These are early signs that the AMO may be on the turn.

 

All of this is pretty basic meteorology, but how many times have we heard any of this from the Met Office? The only thing they seem interested in is playing around with models in the hope that they can blame every bit of bad weather to CO2.

I note that the Australian government is planning to defund climate science at CSIRO, on the sensible basis that “science is settled”. Perhaps it is time we did the same with the Met Office, and directed them to return to what they were set up to do. (Clue is in the name!)

12 Comments leave one →
  1. February 4, 2016 9:50 pm

    This may be of interest in relation to the jet streams:

    http://joannenova.com.au/2015/01/is-the-sun-driving-ozone-and-changing-the-climate/

  2. tom0mason permalink
    February 4, 2016 10:22 pm

    The main problem is that people are often led to the erroneous belief that changes in the climate can be based on simple causation principles. e.g. ‘This climate parameter change has caused, or is correlated with, that event.’
    This is wrong!
    No one parameter appears to dictates the general flow weather change, though the changes to ocean currents and temperature appears to be a major factor. Our climate, however appears to change depending on more subtle signals that are probably from outside this planet’s domain.
    The natural movement of atmospheric gases and vapors, and the oceans and seas are (as far as is known) defined within the field of fluid mechanics. Therefore all the various parameter changes that have happened and that are currently happening affect the current weather, and to some degree the general direction of climate change.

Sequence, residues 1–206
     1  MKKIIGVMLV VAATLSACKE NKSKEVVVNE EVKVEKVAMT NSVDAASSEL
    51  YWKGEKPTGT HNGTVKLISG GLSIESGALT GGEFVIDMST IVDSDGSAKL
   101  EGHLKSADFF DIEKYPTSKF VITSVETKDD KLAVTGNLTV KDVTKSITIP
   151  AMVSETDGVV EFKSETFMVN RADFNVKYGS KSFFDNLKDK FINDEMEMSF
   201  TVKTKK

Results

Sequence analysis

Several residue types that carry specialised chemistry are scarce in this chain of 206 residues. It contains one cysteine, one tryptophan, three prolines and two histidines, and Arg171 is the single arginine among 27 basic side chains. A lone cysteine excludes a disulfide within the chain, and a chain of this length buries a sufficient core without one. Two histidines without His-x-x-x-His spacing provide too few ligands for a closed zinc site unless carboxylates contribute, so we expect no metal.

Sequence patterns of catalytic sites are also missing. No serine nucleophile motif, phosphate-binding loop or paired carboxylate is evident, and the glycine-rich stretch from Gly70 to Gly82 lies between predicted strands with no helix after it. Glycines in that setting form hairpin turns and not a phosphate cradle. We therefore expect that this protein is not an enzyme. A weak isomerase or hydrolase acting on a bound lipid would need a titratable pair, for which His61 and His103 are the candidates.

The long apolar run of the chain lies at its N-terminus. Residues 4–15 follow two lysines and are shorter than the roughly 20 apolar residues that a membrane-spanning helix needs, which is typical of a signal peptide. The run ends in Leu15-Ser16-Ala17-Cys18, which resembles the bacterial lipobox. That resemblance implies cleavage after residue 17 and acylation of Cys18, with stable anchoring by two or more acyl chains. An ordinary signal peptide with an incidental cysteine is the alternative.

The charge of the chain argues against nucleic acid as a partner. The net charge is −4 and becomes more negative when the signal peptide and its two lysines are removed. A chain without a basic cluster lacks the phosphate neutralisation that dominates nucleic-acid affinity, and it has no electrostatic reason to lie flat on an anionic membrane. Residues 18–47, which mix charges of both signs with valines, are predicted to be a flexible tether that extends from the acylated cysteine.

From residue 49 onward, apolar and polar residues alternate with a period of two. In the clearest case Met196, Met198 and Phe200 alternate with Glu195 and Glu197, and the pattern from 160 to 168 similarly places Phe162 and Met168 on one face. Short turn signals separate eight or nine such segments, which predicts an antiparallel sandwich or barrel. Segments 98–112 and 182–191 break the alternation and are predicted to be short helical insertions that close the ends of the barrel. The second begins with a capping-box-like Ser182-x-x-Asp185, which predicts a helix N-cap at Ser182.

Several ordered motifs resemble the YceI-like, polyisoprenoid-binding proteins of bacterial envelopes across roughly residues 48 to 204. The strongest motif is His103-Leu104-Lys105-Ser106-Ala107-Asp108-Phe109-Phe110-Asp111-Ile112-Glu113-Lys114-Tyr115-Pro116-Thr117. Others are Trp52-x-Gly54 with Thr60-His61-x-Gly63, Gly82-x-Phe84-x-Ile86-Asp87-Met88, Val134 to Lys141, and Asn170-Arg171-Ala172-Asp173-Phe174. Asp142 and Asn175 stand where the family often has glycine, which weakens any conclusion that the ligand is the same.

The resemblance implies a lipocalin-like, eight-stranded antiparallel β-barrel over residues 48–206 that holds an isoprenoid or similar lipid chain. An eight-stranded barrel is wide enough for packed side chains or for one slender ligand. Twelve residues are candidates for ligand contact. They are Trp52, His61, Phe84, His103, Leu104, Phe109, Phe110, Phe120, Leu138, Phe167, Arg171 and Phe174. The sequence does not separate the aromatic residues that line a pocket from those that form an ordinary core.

Modern Fluid Mechanics is based on the Navier Stokes equations formulated nearly 200 years ago. These are non-linear, tightly-coupled second order partial differential equations forming a deterministic system to which analytical solutions exist in only a few special idealised cases – not in the real world.
    The field of Chaos Theory has shown that all physical systems previously thought to be deterministic in fact have unpredictability built into their very nature due to the unavoidable non-linearity they contain. The mathematical models of classical mechanics are idealised approximations. In reality, absolute prediction of the outcome is not possible – only the probability of an outcome.
    This article gives a brief overview of some of Chaos Theory and how we see it applies to both Fluid Mechanics and Computational Fluid Mechanics, with a view to how these disciplines could be re-thought to facilitate technical advance in aerospace and related fields. from — Observations on The Application of Chaos Theory to Fluid Mechanics available from Meridian International Research, Aviation House,Wellesbourne Airport,Wellesbourne. Warwick. UK

    Even those ‘climate scientists’ with some appreciation of this matter fail to fully understand the implication of the chaotically deterministic aspects of both our climate’s and weather’s, fluid motion.
    In other words an observed set of weather parameters may imply some easily predictable future situation but often such a prediction fails as all the governing parametric variations are not fully observed, and/or the couplings, interactions, and feedbacks are not properly understood.